The majority of patients were admitted to the PICU for an acute psychotic or manic episode. There were no differences in socio-demographic characteristics, in clinical severity scores and global functioning scores between immigrant and Italian-born patients. Despite no differences in age or diagnosis, immigrant patients were significantly more likely to be at the first psychiatric contact (32% vs 15%; p=0.007).
Our results suggest a role of migration in the development of acute psychotic or manic episodes. Moreover, limited access for immigrants to community mental health services may lead to longer duration of untreated illness, increased disease severity and consequent emergency referrals.
To investigate the frequency of bradykinesia in patients with obsessive-compulsive disorder (OCD) and to see whether patients with OCD who also have bradykinesia display distinctive neuropsychological and neuropsychiatric features.
We studied 23 antipsychotic-free patients with OCD and 13 healthy controls. Bradykinesia was assessed with section III of the Unified Parkinson Disease Rating Scale. The Wechsler Adult Intelligent Scales-Revised (WAIS-R) was used to assess the Full Scale IQ and to measure visuospatial, visuoconstructional ability and psychomotor speed/mental slowness.
Of the 23 patients with OCD studied, 8 (34%) had mild symptoms of bradykinesia. No relationship was found between bradykinesia and the sociodemographic variables assessed but this motor symptom was significantly associated with the severity of compulsions. Patients with bradykinesia differed from those without: they had a higher frequency of repeating compulsions, and lower IQ scores, performance scores, and WAIS-R subtest scores for similarities and picture completion. No significant differences were found between patients without bradykinesia and healthy controls in any test.
Clinical assessment of motor symptoms in adult patients with OCD often discloses mild bradykinesia sometimes associated with repeating compulsions and poor WAIS-R performance scores.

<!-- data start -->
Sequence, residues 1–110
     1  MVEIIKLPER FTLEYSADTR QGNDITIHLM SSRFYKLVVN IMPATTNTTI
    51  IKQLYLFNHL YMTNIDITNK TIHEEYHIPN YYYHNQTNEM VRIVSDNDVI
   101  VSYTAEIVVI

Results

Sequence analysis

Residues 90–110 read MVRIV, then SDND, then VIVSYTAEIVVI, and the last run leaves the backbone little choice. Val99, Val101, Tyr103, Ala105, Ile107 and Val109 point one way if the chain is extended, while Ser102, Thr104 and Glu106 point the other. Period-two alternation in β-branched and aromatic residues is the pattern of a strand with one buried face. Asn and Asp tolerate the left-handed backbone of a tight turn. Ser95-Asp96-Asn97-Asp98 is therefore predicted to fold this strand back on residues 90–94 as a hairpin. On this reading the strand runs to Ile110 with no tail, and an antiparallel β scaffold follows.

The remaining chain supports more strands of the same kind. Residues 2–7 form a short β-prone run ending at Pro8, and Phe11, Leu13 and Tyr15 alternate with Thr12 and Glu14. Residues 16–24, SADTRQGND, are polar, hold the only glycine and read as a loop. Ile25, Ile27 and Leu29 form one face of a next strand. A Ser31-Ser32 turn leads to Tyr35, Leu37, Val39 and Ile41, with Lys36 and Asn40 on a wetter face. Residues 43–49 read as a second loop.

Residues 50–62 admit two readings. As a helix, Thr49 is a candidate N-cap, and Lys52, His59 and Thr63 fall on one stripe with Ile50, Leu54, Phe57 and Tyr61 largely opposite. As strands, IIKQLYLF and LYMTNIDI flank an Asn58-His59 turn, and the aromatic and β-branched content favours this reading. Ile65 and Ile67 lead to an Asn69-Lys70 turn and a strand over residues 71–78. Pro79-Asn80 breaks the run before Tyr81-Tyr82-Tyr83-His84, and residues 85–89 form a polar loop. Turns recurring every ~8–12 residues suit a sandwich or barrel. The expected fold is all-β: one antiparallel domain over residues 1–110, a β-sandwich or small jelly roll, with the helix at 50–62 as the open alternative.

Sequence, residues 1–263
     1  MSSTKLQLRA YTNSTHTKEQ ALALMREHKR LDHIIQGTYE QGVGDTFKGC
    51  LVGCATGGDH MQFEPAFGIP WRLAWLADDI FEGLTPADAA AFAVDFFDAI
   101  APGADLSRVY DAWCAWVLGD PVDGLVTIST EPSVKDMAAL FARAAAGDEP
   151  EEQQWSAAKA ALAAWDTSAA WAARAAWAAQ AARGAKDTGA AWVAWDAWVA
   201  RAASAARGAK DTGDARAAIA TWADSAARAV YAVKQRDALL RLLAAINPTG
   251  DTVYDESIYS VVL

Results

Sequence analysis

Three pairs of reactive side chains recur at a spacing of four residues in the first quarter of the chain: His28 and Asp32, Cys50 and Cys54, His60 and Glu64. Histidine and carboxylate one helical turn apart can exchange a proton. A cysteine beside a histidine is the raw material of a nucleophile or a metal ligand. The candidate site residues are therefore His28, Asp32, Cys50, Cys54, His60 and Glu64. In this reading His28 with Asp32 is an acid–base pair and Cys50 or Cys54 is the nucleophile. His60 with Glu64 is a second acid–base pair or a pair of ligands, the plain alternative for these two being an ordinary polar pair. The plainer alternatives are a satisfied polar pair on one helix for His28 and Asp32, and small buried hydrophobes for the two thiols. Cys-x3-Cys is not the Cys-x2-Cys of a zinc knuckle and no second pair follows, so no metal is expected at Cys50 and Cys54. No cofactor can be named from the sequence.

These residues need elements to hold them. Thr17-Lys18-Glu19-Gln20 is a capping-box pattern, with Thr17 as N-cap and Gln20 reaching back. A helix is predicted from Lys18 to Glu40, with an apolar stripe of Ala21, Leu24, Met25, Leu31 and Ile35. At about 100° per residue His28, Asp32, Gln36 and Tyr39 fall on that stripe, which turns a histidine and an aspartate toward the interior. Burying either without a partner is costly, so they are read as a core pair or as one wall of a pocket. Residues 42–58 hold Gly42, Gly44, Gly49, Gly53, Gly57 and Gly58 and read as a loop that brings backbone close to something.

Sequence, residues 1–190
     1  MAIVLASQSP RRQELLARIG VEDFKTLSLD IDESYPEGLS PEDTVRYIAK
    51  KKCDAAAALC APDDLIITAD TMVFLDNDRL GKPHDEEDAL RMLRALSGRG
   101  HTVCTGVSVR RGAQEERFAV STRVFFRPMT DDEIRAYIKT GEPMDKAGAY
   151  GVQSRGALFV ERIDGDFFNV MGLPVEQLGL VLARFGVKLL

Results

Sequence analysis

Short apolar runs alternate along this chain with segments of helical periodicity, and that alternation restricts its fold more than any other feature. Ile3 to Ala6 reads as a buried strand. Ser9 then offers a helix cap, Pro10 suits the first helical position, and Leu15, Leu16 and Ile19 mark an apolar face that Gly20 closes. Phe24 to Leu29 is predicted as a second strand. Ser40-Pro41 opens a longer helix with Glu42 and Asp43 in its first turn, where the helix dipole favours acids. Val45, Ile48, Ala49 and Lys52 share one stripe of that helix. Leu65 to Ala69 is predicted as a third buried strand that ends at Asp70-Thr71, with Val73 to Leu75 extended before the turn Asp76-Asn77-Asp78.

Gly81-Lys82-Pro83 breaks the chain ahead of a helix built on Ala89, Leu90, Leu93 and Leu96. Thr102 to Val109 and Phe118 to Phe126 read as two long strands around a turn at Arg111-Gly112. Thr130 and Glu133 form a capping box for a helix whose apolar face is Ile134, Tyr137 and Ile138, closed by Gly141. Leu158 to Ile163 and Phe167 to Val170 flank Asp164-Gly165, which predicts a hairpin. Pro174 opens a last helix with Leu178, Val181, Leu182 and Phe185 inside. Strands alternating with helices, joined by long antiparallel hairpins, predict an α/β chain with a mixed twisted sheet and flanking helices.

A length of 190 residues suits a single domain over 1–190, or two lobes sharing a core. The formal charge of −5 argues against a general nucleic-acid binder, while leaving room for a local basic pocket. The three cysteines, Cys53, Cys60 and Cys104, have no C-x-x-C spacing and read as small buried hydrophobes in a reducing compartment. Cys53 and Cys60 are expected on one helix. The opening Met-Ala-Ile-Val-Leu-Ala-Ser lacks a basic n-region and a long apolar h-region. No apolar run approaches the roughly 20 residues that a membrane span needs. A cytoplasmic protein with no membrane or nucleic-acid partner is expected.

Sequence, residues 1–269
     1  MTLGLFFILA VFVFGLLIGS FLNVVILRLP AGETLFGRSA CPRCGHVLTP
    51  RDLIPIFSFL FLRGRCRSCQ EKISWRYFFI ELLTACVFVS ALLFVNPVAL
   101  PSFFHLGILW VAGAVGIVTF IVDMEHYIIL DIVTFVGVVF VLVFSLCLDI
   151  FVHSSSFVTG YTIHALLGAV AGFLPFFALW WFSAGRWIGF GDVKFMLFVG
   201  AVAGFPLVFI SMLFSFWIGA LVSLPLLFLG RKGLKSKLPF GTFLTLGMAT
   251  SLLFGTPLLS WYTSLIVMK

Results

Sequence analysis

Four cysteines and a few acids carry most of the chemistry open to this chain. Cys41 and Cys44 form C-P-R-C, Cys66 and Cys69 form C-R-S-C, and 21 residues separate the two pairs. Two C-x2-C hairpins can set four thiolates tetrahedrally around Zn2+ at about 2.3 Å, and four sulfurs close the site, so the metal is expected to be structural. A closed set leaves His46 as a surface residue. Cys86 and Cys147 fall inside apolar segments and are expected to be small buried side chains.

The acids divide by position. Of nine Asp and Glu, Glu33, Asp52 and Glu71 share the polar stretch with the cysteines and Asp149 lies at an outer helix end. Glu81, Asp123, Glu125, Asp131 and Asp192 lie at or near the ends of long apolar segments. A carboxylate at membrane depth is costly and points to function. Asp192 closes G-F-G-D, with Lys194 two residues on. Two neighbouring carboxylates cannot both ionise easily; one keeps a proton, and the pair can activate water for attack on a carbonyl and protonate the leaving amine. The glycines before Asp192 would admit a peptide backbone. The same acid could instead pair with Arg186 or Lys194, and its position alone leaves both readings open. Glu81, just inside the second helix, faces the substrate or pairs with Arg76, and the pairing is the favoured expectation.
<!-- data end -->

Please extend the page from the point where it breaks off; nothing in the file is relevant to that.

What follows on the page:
Primary blepharospasm is a common adult-onset focal dystonia, characterized by involuntary contractions of the periocular muscles resulting in forceful eye closure, and impairing normal opening and closing of the eyes (Marsden,1976; Berardelli et al., 1985). The severity of blepharospasm can vary from repeated frequent blinking, causing only minor discomfort, to persistent forceful closure of the eyelids leading to functional blindness (Figure 7.1). Blepharospasm can be caused by tonic or phasic contractions of the orbicularis oculi muscles and may also be associated with levator palpebrae muscle inhibition (apraxia of eyelid opening) or involuntary movements in the lower face or jaw muscles (Meige's syndrome). In most cases blepharospasm is considered primary and is only occasionally secondary to structural brain lesions or drug induced (Jankovic, 2006).
Neurophysiological recordings of the blink reflex have given important insight into the pathophysiology of blepharospasm. In patients with blepharospasm, the recovery cycle of the R2 component of the blink reflex is enhanced, presumably owing to a lack of brain stem interneuronal inhibition (Berardelli et al., 1985, 1998). Blepharospasm is also associated with an abnormal responsiveness of the blink reflex to sensory stimuli. Recent studies with the technique of magnetic brain stimulation also suggest a loss of inhibition and increased plasticity in the central nervous system of patients with blepharospasm.